Bushmeat hunting driving Tanzanian forests to crisis
Posted: 9 February 2011
Several animal species in southern Tanzania are suffering alarming declines due to bushmeat hunting and habitat degradation, and urgent action is needed to prevent the collapse of local biodiversity, according to a new report.
The report by Tanzanian and international scientists and conservation organizations describes the results of three separate research projects focused on the threats to biodiversity in Uzungwa Scarp Forest Reserve in southern Tanzania since 2004. Although biodiversity is critical to the health of the ecosystem — which many Tanzanians rely on for water, soil fertility and other services — the report shows that Tanzania’s wildlife has been hugely impacted by human activities and recommends that action be taken urgently to protect it.
“Some species in this region are on the brink of extinction from one of their last remaining strongholds, especially the Udzungwa red colobus, a monkey species found only in these mountains and nowhere else in the world,” said Arafat Mtui, coordinator of the Udzungwa Ecological Monitoring Centre.
“The declining trend is so sharp that without urgent action Tanzania will lose a biodiversity treasure,” states Francesco Rovero of Italy’s Trento Museum of Natural Sciences, who led the preparation of the report.
“Similar declining trends were also detected for the small forest antelopes such as the duikers, and wildlife abundance is generally lower than in forests that are better protected,” added Trevor Jones, a biologist of the team affiliated to Anglia Ruskin University, UK.
“Human threats, especially hunting for bushmeat, but also forest degradation through selective removal of trees, are behind these declining trends,” continues Amani Kitegile, a lecturer at Tanzania’s Sokoine University of Agricultureand Ph.D. student with Anglia Ruskin University.
Martin Nielsen of the University of Copenhagen, Denmark, contributed with a study on bushmeat hunting in the Udzungwa forests. “From interviews with hunters living in the villages bordering the reserve it emerged that hunting is common, representing the main extractive use and threat to the area’s unique biodiversity,” he stated.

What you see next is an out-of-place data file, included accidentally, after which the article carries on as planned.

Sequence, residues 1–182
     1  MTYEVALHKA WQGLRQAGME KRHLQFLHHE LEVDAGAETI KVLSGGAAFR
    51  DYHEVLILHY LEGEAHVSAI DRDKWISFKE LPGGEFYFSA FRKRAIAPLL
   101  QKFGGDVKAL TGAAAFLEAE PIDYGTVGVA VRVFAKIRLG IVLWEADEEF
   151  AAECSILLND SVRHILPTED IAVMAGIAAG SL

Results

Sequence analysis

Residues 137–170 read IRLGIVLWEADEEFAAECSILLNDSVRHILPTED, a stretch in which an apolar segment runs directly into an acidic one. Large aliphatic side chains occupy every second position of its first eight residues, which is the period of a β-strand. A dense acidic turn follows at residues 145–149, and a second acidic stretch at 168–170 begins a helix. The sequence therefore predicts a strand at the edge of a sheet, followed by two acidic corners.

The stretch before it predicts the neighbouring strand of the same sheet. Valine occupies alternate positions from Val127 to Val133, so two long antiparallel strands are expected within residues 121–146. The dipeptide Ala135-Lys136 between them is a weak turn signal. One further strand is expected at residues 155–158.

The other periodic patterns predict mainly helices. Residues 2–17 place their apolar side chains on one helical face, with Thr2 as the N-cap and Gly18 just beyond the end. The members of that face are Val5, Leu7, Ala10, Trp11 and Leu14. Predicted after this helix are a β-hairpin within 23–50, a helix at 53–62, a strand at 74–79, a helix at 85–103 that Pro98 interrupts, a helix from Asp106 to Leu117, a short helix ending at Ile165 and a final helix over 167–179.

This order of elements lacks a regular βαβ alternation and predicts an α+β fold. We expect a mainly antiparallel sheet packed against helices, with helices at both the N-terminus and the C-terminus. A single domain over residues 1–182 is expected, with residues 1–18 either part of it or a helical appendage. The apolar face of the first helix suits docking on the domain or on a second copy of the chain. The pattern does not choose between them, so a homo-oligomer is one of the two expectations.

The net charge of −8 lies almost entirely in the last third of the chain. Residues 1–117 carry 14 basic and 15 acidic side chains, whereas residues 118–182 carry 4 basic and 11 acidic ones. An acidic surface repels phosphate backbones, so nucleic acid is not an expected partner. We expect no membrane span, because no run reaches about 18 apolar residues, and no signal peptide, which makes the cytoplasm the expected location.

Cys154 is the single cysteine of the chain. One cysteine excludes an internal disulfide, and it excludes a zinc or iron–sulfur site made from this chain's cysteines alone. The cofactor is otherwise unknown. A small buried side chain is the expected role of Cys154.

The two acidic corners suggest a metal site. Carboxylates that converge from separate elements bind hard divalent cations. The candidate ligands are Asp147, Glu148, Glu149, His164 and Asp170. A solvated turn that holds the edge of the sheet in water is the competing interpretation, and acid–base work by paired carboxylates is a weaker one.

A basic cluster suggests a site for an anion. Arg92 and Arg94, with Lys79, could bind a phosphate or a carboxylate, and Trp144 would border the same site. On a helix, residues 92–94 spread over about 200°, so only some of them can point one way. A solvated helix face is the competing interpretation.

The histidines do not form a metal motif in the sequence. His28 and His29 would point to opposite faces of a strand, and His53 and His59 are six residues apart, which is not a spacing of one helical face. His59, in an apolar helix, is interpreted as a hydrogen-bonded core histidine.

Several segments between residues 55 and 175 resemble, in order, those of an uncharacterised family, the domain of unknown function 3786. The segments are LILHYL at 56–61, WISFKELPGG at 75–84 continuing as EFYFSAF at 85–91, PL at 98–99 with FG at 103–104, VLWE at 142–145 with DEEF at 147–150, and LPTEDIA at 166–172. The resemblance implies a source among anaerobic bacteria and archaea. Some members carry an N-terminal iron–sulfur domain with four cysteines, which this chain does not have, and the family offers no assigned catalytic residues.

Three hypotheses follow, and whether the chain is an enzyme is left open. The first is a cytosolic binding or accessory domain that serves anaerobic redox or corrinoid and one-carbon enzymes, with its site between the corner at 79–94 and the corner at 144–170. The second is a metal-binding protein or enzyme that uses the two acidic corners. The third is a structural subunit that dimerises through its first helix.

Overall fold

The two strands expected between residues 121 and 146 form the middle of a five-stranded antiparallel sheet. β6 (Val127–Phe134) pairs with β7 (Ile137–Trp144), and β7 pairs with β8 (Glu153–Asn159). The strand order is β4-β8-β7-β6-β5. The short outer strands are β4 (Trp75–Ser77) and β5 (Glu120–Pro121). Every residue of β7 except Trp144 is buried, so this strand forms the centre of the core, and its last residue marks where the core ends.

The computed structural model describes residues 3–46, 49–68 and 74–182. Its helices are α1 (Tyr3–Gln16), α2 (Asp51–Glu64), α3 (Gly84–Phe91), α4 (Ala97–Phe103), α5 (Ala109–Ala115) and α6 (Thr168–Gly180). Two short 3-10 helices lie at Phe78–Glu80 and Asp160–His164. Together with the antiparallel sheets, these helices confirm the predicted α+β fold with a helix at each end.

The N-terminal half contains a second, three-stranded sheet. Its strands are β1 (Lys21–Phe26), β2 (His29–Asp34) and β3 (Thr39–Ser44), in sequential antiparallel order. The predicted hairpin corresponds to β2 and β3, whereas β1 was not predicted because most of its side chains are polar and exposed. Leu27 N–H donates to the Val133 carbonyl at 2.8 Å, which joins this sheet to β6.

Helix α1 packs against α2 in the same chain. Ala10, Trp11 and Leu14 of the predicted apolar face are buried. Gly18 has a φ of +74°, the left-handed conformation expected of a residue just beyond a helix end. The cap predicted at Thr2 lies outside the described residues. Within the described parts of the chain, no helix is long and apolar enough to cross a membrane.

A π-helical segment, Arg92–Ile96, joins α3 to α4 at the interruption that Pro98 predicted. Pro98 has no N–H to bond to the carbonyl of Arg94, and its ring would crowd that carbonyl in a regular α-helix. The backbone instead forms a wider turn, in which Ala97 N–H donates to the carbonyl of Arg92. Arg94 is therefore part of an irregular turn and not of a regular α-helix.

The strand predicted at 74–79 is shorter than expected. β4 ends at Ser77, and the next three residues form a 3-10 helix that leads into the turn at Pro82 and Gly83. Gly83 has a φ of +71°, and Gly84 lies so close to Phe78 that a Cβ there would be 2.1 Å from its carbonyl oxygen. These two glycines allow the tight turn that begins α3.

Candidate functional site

The report highlights the need for greater attention to be paid to the impact of bushmeat hunting in Tanzania’s forest reserves. “The Udzungwas are the pearl of the Eastern Arc Mountains because they contain the largest forests and have extraordinary numbers of plant and animal species found nowhere else on earth, including two species of monkeys,” stated Rovero.
“Unfortunately, while some of the forests are protected by the Udzungwa Mountains National Park, there are important forests such as Uzungwa Scarp Forest Reserve that have not been granted adequate protection.”
The scientists and conservation organizations associated with the report are calling for urgent action to be taken to halt bushmeat hunting in the reserve and to boost the management of the forest. Whilst recognizing the government’s efforts to upgrade the Uzungwa Scarp Forest Reserve to become a Nature Reserve, the report highlights the need to invest more resources and effort into the forest’s protection and into community development projects and environmental awareness amongst the adjacent communities.
“Action is needed now if we are to reverse the trends of biodiversity and forest loss before it is too late. The government needs to allocate the resources that are required to manage this national treasure and to address the needs of the adjacent communities,” said Charles Meshack, Executive Director of the Tanzania Forest Conservation Group, Tanzania’s leading NGO in forest conservation.
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